KPG’s first move was to drill for hot water to create an onsen (hot spring) on the island, and integrate it into the i+Land Nagasaki resort complex. But on Kyushu, which markets itself as “the onsen island,” having an onsen attached to a hotel is not so much an attraction as a right. So, in the summer of 2016, seeking to create something extraordinary enough to draw crowds throughout the year, KPG reached out to Moment Factory in North America — and Island Lumina was born.
Something’s in the air
Jonathan St-Onge is Moment Factory’s general manager of Lumina. He has been working on the project in Nagasaki with KPG for the best part of two years.
“The relationship has been an easy one,” St-Onge says. “After the initial introduction, our team visited Iojima to see the site KPG had in mind. From there, we began to work together on the project, creating what you see today.”
That relationship developed across oceans and continents, with both companies visiting each other’s work sites on a regular basis.
“At the start, I visited every other Lumina that Moment Factory has in Canada, to see what might be possible,” Kato says.
Although much of the production and design took place at Moment Factory’s offices in Montreal, the Lumina team conducted regular site visits to Iojima over the course of the project’s 18-month development.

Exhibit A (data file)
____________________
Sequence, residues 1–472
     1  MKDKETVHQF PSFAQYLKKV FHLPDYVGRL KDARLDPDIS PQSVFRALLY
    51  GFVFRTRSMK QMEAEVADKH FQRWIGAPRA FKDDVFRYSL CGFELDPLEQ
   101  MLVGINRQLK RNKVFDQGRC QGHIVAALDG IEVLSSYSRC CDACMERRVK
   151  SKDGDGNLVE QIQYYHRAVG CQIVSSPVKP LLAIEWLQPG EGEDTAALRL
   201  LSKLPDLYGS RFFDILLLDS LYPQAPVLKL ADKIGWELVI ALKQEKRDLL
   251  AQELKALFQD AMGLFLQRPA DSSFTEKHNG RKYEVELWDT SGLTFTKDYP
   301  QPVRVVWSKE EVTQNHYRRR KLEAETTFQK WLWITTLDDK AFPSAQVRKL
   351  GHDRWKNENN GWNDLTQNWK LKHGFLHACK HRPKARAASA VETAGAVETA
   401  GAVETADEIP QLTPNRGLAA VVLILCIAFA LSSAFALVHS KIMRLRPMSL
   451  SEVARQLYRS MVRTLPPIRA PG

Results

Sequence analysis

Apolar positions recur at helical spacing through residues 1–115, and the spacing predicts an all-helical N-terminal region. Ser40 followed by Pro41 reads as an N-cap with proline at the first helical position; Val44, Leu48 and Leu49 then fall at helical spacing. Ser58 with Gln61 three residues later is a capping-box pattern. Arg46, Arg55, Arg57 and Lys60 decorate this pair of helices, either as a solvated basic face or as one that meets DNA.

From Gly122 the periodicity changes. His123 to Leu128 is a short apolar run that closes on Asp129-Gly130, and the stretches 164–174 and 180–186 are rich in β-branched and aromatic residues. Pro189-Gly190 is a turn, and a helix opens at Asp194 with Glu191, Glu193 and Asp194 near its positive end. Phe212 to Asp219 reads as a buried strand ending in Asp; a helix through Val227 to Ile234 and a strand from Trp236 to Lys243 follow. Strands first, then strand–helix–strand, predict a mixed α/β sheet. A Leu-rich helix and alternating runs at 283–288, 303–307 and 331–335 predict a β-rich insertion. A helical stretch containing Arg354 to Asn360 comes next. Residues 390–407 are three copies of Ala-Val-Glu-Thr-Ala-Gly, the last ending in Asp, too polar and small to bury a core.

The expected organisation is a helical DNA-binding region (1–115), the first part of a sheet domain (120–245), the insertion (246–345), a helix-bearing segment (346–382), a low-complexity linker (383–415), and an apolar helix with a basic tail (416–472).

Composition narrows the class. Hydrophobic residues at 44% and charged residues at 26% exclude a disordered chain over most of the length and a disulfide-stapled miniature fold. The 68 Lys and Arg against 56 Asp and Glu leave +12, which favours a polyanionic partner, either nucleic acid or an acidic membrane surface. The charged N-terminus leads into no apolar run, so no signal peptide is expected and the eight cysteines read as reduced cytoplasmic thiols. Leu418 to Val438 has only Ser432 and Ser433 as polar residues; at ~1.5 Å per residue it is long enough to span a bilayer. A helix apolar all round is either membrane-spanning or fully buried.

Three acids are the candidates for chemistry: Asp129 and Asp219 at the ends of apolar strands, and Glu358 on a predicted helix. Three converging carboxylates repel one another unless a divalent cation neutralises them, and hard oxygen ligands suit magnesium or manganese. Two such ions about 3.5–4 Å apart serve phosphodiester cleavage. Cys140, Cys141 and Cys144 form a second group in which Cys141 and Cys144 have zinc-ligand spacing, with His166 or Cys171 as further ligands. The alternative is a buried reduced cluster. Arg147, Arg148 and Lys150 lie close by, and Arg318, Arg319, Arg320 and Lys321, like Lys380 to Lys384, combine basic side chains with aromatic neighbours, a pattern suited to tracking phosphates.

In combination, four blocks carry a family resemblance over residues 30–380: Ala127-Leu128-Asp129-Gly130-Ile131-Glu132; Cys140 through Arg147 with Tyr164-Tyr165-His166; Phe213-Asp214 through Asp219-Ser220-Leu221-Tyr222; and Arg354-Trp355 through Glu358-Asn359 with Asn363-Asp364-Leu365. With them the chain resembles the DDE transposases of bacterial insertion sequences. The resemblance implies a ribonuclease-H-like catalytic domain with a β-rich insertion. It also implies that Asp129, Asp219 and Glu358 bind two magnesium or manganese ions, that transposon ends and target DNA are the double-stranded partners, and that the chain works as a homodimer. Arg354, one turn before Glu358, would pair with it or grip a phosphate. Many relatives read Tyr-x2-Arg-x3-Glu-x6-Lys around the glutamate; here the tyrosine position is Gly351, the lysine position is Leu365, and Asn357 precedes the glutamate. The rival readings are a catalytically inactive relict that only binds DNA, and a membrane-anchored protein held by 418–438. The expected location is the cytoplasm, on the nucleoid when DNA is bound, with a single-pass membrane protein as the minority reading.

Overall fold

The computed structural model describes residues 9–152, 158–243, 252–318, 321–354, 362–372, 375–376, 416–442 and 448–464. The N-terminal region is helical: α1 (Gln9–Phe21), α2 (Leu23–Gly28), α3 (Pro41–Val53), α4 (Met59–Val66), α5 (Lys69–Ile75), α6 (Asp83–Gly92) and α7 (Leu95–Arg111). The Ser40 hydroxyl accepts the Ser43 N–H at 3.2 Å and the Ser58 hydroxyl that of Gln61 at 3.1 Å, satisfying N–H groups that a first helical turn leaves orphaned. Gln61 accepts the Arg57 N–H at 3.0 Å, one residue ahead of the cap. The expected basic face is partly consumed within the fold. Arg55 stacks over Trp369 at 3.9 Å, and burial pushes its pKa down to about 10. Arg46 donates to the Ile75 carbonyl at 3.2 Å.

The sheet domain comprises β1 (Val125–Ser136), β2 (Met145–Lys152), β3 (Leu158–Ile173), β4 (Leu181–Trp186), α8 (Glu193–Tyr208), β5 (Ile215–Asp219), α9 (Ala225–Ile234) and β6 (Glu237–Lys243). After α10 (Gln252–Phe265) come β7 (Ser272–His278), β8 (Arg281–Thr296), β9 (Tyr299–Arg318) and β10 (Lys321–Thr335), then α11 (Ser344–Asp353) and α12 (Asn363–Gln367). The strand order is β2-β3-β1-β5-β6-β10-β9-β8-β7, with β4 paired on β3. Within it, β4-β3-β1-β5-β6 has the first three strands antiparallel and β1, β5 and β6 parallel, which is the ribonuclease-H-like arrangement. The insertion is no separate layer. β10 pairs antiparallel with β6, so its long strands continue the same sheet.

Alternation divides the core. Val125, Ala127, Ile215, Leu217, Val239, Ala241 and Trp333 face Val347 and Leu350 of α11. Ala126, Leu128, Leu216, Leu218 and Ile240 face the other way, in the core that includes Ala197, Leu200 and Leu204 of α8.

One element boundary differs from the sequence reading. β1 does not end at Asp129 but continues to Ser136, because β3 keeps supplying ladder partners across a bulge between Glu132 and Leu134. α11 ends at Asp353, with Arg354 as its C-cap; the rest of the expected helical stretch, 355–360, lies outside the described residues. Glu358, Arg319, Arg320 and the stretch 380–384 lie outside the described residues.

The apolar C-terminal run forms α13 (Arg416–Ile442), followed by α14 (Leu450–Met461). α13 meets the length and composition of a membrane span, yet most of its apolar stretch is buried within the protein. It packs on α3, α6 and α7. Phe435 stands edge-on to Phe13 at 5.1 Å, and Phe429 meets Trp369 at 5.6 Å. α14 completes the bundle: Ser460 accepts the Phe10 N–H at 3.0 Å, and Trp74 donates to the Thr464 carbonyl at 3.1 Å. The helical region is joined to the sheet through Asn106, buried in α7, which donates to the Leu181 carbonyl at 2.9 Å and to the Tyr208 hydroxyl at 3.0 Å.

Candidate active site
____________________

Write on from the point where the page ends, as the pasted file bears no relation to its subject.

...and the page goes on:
When talking together, there is a visible camaraderie between Kato and St-Onge. By all accounts the corporate relationship has been a smooth one and yet it seems curious that KPG would choose a non-Japanese company with little experience working in Japan over an established domestic alternative such as TeamLab or Naked.
“They’re both doing a good job in Japan and we’ve worked with them before,” Kato says when asked about this. “But I think we’ve become used to their style of show. Moment Factory’s concepts are different, they really emphasize a focus on the public.”
Creating a story
From concept to construction, Moment Factory was left mostly to its own devices, but one of the key challenges in developing Island Lumina and working with KPG became developing a story that would appeal to a Japanese audience.
As with its other Lumina projects — this is Moment Factory’s sixth, and first outside of Canada — primary inspiration came from the site itself. Though the team ultimately built a story that combined both their native culture and that of the island, much of the Island Lumina story developed out of firsthand experience of Iojima and Nagasaki, says Gabriel Pontbriand, creative director of Island Lumina.
“We were inspired by the culture, but we did not try to express it exactly,” Pontbriand says. “The balance was found within key elements, such as Iojima’s lighthouse, local legends of dragons, as well as with the unicity of the site.”
Working alongside Yael Braha, multimedia director at Moment Factory, Pontbriand spent a month at the beginning of the creative process conducting research in Nagasaki: visiting museums, meeting historians, and consulting with locals and experts on Japanese culture in both Japan and Montreal.
“We needed to make sure we were using the right tools, the right voice, the right wording to connect with a Japanese audience,” Pontbriand says. The importance of this was emphasized by KPG, who advised Moment Factory throughout the creative process.
“The story is the most important thing,” Kato says. “It is what makes this Lumina project stand out. It has a really clear storyline that guides the audience throughout.”